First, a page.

Octave-backend improvements

I’m having a bit of a pause between the exams, so I’m doing some hacking on the new Octave backend for Cantor. Thing are going very well, probably better (especially faster) that I expected.

The basic input-output sending between Cantor and the command-line process was working some time ago, and I recently added support for embedding graphics into the worksheet.

This week I was working on cosmetics: Autocompletion, syntax highlighting and pop-up help.

Completion for functions and variables

Completion for functions and variables

Completion was easy, octave provides a completion_matches() function which takes a string argument and return all functions and variables starting with that string.

Syntax highlighting and help

Highlighter - there can be only one.

Syntax help was also quite straightforward, through the use of Octave’s built-in help() command. Highlighting was where I spent most of the time, because as a command-line program Octave has no native support for it.

There’s a handy command called ‘who’ that lists all currently visible variables, so I retrieved the variable name list with it and used it in the highlighter. I then hardcoded a list of all recognised operators and keywords.

The toughest nut was getting a list of all functions from Octave. There’s no (at least known to me) equivalent to ‘who’ for functions, so I had to improvise. I didn’t want to hardcode all the functions, as is done for the Maxima backend, because, as we all know, hardcoding is bad, and there’s always the possibility of future changes to Octave language. The closest I could get is using completion_matches() with an empty string, but that returns all the internal constants, environment variables, and files in the current directory. I filtered them out the best I could, and the end result work well, despite there being more that 1600 functions.

Embedded plots in Cantor

Embedded plots in Cantor

Another think I worked on this week is getting as much plotting code as possible from C++ to an octave script. This not only unclutters the worksheet (there used to be a long line of commands instead of cantor_plot#d()), but makes simple changes to plotting faster by not requiring a recompile. Tweaking the size of the plot to prevent it from filling the whole page didn’t even need a new session, just an update to the script.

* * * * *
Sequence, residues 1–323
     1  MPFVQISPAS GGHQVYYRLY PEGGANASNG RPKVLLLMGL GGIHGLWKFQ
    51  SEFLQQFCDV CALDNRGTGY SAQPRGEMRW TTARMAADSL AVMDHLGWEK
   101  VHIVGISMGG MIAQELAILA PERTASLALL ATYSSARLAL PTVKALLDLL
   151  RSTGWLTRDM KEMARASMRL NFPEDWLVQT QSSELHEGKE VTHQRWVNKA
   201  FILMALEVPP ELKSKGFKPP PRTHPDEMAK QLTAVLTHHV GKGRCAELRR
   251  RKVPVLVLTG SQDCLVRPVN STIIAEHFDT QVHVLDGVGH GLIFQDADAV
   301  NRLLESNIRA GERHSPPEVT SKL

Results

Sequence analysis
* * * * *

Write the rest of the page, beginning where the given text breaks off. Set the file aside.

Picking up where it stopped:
10 responses to this post.

  1. Posted by arieder on 19. June 2010 at 14:04

    cool stuff. you totally rock!


  2. I *need* this.
    By the way, does/will cantor support Mathematica/Maple? That would be extra-rich dark delicious sinful chocolate icing on the cake 🙂


    • Posted by arieder on 19. June 2010 at 18:40

      no it doesn’t support them, and probably won’t do anytime soon, unless someone else steps up to write it.(i won’t spend my free time working with non-free software)


  3. Posted by mahousenshi on 19. June 2010 at 17:29

    Nice work! If this export graph to EPS it’s will be qtoctave killer


    • Posted by noughmad on 19. June 2010 at 18:03

      Cantor can export the graphs as images (but not EPS) from the right-click menu, if that’s what you mean. However, the .cws file Cantor saves is an archive that contains the graphs as EPS files, same as octave itself produces.


      • Posted by arieder on 19. June 2010 at 18:10

        if the plot is in EPS format (as it is for maxima and octave backend) the right-click menu offers possibility to store as eps file (not image).


      • Posted by noughmad on 19. June 2010 at 18:20

        Alexander is right (I can’t reply to his comment, dunno why). I see now that it depends on the filename.

        Octave by default doesn’t append .eps to its output file name, and I tried exporting on an old file file created before I fixed that. Sorry for the confusion.


  4. Posted by Kyran on 19. June 2010 at 18:22

    Can’t you reuse the code highlighting from kate? It has a very nice matlab/octave “stylesheet”.


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